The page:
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Iron Rock Group shares inside look into Catori Canyon development and Kanab Creek water drainage plans

As the Catori Canyon subdivision develops in between the Ranchos and Cedar Heights subdivisions on Kanab’s western reach, the impacts on the cliffside overlooking the Kanab Creek have become more visible, prompting question and concern from Kanab locals. Kanab’s relationship with the creek has been historically complicated on the topic of creek-side housing - the Kanab Creek is a beloved landmark and source of recreation, but its sandy cliffsides at higher elevations and constant erosion points can put housing at risk of collapse and necessitate measures to make living along those cliffs safe and practical.

Left to right:

  • Some of these primary erosion points will be reinforced, and water directed into either the drainage canal or the detention areas. Images courtesy of Iron Rock Group.

  • The Catori Canyon master plan shows the drainage channel on the north side, and the initial phase on the southeast side adjacent to Powell Drive.

  • A view of erosion mitigation from the other side of Kanab Creek.

As such, the Catori Canyon development has been required to address these concerns for the eastern part of its subdivision which borders the Kanab Creek. Tom Avant, CEO of Iron Rock Group who is partnering with the Catori Canyon development team, volunteered to share the details and specifications of the project’s interaction with the creek-side, erosion and water drainage control through the first phase. Avant described the process of collaborating with Kanab City to design a new drainage channel, coordinating funds dedicated to water and natural resource conservation with the client’s personal investment in the project. The channel is designed to improve drain- age of the standing water caused by the nearby canyons, and reduce erosion, especially of the primary erosion point at the Powell Drive bridge dip - a project whose cost is estimated at well over one million dollars at this point.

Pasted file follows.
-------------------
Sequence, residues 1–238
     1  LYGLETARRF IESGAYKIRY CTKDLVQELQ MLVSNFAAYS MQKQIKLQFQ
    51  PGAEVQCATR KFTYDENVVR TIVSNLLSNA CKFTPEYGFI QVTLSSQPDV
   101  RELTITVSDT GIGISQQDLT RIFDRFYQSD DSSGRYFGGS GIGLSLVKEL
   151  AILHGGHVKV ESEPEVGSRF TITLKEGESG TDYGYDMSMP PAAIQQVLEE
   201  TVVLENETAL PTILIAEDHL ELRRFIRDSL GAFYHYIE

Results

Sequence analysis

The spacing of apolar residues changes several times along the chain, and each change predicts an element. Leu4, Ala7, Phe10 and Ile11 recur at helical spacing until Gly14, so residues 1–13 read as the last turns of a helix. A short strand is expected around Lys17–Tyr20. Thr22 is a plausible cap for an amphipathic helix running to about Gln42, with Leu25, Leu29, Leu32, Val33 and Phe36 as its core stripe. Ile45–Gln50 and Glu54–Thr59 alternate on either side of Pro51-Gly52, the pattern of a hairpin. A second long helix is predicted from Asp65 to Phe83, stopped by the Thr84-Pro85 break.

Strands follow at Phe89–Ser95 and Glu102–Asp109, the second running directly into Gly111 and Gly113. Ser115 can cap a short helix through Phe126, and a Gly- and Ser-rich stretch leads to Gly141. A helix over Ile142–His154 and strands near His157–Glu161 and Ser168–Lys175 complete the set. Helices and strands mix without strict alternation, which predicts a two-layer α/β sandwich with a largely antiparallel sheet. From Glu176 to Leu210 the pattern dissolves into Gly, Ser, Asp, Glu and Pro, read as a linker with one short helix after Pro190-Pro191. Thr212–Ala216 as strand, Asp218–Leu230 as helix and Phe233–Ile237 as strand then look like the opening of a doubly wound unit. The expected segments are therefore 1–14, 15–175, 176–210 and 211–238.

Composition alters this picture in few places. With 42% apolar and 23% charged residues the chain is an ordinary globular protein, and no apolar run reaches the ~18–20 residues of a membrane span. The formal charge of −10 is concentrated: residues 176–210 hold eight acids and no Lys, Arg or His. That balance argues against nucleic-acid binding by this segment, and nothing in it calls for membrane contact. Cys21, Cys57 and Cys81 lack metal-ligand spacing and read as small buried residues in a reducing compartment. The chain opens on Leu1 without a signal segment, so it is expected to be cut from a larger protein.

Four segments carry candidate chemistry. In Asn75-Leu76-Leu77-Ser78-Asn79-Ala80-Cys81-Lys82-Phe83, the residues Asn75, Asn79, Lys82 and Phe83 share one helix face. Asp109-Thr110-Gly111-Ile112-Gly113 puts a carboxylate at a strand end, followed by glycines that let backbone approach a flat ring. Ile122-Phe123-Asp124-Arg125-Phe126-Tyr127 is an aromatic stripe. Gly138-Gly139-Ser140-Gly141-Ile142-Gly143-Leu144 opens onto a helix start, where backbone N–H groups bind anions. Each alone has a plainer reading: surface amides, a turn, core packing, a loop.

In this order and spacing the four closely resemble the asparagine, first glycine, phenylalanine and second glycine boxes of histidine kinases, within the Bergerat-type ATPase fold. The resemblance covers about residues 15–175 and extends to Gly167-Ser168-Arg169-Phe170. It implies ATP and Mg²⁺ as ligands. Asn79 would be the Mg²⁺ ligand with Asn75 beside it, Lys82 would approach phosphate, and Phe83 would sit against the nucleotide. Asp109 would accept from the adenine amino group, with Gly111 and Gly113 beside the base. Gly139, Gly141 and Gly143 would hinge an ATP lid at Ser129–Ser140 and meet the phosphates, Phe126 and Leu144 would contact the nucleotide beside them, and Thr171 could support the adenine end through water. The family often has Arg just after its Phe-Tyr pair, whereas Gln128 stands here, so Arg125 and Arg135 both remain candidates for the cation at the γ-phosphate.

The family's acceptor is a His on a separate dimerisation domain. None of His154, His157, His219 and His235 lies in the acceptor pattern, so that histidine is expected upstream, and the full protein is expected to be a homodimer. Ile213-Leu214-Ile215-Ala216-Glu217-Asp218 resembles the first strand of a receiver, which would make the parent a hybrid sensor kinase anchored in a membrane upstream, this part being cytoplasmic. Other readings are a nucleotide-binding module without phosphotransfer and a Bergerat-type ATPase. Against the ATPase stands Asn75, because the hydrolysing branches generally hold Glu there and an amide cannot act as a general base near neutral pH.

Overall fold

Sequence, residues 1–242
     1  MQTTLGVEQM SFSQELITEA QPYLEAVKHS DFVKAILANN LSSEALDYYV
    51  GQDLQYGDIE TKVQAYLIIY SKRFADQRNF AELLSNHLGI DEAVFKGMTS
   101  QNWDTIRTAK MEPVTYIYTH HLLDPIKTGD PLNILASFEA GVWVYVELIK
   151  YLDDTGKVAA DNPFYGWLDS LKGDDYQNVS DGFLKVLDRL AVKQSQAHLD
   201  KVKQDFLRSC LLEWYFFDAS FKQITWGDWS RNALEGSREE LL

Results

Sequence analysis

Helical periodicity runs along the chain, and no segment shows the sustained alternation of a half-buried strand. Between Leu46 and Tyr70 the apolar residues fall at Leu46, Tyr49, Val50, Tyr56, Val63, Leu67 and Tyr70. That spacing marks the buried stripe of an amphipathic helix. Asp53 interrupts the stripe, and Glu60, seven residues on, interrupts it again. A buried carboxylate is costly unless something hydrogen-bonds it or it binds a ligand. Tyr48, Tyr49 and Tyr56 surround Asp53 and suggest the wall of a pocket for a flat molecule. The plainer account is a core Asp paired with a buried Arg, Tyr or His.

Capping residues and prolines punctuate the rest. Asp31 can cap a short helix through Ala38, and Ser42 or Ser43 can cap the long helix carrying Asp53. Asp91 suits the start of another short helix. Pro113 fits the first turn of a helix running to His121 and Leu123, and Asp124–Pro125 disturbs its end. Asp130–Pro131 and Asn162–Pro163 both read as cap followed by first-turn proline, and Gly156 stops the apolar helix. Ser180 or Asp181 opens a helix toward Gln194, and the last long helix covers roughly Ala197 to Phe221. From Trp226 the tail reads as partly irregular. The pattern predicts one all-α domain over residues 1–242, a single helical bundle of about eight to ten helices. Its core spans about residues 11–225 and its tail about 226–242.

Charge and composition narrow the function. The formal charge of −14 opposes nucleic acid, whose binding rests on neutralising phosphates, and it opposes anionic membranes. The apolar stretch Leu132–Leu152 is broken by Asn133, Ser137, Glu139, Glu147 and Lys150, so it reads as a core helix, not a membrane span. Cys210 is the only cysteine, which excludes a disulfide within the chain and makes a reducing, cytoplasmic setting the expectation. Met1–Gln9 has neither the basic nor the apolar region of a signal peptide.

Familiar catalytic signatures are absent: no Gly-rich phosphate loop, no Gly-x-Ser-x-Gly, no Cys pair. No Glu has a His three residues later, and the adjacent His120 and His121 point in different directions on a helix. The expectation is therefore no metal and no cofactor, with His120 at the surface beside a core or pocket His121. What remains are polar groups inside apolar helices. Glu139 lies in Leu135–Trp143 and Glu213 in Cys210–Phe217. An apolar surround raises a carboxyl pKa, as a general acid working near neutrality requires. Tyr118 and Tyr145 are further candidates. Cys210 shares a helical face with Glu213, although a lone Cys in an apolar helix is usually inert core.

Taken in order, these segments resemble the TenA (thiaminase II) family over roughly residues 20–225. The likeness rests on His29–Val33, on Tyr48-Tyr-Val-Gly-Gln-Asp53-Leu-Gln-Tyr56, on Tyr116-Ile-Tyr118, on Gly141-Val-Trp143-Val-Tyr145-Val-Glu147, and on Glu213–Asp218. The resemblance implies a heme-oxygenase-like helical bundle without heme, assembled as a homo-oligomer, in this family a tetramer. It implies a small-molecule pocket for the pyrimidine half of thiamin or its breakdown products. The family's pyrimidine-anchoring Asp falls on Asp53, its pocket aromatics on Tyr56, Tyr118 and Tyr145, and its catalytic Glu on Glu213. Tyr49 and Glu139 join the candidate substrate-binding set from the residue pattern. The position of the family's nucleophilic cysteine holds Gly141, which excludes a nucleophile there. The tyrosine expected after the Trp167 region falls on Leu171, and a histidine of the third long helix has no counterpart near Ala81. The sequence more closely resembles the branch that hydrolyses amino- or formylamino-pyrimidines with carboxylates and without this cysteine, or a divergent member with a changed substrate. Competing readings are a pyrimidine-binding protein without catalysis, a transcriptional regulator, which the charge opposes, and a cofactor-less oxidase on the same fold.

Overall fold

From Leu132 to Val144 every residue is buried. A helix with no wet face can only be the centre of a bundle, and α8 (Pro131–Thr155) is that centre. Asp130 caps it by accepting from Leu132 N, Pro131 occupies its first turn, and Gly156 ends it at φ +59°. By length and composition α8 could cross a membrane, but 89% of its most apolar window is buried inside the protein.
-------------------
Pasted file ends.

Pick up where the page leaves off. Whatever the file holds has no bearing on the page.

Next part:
The project includes the reinforcement of the creek bank by a few different methods which, according to Avant, were the developer “going above and beyond what was required; he wanted to do it because it improved the project and it works.” This includes increasing the elevation of the creek bank, naturally directing water into the project’s drainage channel and detention areas, as well as seeding the area with local flora. Per Avant, “Kenny [Seng, developer of the project,] did the research, he compacted the land and broadcast local seeds held in place with a mat to hold both the seeds and soil in place … your plants grow through the mat, roots go down and naturally stabilize the whole thing, and they’re all native plants.” That process of compacting the soil was an eminently visible part of the project involving heavy machinery - most of the inquiries the SUN received on the safety and viability of the creek-side work were a result of this portion of the project.

One further measure designed to facilitate safe water drainage is the inclusion of water detention areas in the south side of the subdivision. These detention areas are designed to hold water during high water weather, allowing slow drainage into the creek as opposed the floods and water rushes the Kanab area is prone to during rainy seasons. Per Avant, “The design of the detention areas is really impressive - they work, they do their job well, and Kenny’s trucking in red rock so the visible parts will still match the look of the area.”

Avant stated of the priorities of the Catori Canyon project, “The goal is to design something that fits with Kanab. Kenny could have brought in any of his big engineers from Salt Lake and built rows and rows of cookie cutter houses, he has the means … but he didn’t, he hired us, working with locals who know the area and who know what fits Kanab.”

The first phase of the Catori Canyon subdivision, the southeastern portion of residences, is approved and under construction now, while the further phases are still in the application and approval stages with local authorities. The Iron Rock team sought to reassure locals of the project’s priority of keeping the Kanab Creek’s integrity and identity as a Kanab landmark, and the proper management of Kanab’s water resources. Avant concluded, “Kenny’s trying to do the best he possibly can with this project - a lot of developers will try to cut corners wherever they can, but these guys do not cut corners.”




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